Based on proposals Drucker (1999a) and De Masi (1999), set out above, can raise questions about the type of society that will prevail after the industrial age. The differences between Drucker and De Masi not limit to the nomenclature used to address the emergence of a new historical context, "post-capitalist society" and "post-industrial society", respectively. The premise suggested by Drucker that the contradictions between capital and labor (own of the capitalist system) were being overcome not find evidence of proof in the first decades of the twenty-first century. In turn, the optimistic view of De Masi about the creative leisure also seems to be confirmed by an analysis of current trends.
As the economic dynamics based on industrial production gives way to a more complex dynamics, where the role of knowledge is essential to keep pace with innovations and to enhance competitiveness, contemporary society is being reconfigured. First, it should be mentioned that a major fraction of the workforce is employed in activities related to the service sector. Second, concern about increasing productivity shall require the deployment methods "post-Fordist", combining the rational use of capital with the humane management of working in large companies. Third, there is a profound change in leisure habits, aspirations and individual behavior, in the midst of a consumer society in which the work loses its centrality in the definition of social identities. However, these trends are not highlighted in the analysis of the two authors - Drucker (1999a) and De Masi (1999).
Carvalho and Kaniski (2000) explain that the information revolution has contributed to maximizing the exploitation of labor, and at the same time modifies the economic and social processes. It must be recognized that the enhancement of knowledge and access to information has impacts on structures and power relations. Also, as you progress deindustrialization, are established new avenues for the development of the most advanced nations.
It is evident that information the user need to know change the characteristics that transform society, because this new society requires changing of the decision-maker for an activity manager (Carvalho; Kaniski, 2000).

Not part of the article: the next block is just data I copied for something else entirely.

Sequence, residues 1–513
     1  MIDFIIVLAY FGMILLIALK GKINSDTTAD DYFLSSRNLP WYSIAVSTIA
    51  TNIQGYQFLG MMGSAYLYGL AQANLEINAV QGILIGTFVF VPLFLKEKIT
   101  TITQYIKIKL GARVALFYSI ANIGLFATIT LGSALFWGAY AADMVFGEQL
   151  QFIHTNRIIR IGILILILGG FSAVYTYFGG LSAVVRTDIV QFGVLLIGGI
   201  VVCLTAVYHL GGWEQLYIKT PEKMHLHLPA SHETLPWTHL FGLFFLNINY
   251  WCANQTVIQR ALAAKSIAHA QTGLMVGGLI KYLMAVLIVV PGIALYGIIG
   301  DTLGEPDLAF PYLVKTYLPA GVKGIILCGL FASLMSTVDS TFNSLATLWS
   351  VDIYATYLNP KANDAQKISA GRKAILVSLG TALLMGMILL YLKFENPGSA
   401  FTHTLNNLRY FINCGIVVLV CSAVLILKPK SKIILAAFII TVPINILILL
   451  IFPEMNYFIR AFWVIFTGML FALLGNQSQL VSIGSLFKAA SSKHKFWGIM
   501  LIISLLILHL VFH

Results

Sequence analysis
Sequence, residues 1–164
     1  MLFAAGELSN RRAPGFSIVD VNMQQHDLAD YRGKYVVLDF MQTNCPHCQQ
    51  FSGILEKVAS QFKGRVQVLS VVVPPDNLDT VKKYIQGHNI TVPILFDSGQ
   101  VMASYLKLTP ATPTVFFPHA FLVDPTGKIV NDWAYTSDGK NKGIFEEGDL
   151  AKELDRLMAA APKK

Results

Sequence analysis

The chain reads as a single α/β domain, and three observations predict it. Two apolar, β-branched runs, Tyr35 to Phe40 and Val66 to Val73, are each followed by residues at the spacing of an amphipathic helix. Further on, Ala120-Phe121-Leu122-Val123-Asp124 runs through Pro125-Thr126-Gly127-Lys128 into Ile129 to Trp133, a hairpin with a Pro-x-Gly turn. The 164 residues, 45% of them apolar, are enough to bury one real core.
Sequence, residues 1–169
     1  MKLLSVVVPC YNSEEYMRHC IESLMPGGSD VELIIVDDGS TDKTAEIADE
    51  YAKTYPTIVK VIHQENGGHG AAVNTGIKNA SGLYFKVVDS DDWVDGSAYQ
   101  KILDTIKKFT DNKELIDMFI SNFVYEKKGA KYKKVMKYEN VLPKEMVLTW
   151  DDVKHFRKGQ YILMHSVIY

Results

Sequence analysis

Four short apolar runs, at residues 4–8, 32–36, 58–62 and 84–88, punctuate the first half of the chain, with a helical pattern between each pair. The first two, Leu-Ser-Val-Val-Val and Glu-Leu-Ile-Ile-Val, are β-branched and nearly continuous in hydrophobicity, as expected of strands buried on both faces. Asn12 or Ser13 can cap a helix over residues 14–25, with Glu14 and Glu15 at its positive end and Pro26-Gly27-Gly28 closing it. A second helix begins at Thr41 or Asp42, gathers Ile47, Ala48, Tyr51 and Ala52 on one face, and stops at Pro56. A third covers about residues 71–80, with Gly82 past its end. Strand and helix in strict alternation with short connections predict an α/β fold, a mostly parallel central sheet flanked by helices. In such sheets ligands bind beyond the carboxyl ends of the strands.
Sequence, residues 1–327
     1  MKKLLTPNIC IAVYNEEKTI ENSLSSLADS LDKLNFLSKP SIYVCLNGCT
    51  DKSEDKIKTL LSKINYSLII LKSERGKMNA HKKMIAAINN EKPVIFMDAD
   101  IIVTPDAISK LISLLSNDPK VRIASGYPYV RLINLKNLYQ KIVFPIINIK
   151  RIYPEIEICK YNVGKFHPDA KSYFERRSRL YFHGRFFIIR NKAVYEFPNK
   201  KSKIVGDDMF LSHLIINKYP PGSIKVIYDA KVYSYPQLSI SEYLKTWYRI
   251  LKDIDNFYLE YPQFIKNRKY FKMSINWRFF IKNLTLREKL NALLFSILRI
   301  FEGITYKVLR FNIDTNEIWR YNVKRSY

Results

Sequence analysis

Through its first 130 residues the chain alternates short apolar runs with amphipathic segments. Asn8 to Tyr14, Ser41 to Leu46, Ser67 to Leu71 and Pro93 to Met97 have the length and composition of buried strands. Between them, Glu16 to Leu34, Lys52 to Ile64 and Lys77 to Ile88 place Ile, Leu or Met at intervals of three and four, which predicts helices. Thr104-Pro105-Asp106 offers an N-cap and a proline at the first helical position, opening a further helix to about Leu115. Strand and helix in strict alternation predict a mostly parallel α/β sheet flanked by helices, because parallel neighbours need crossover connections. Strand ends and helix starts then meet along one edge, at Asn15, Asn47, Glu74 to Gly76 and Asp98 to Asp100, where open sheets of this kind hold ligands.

In Borges' perspective (1995, p. 187-188), "understanding that the information is an intrinsic factor to any activity, this factor should be known, processed, understood and used by the consolidation of services, products and systems information ", cooperate to enhance human activities of socio-cultural area to the economic area. Borges (1995) points out that the social scene, economic, cultural, political and technological changes is guided by changes. These changes incur in changing social patterns and the relationship between the world of work and be human.
Drucker (1999a) emphasizes the evolution of society based in despotism of capital to a society based on knowledge workers, predominantly a workforce with the highest level of expertise and training. Knowledge, main generator value of this change, is one way to increase competitiveness for companies. As to the bases to sustain the economy and society, these are based on the government's restructuring and permanent qualification of manufacturing workers to follow technical and organizational innovations.
To De Masi (1999), the transition to the model of post-industrial society was driven by the evolution of technology and the free time from technical progress, inducing workers to produce more creatively to meet the new market demand driven by globalization.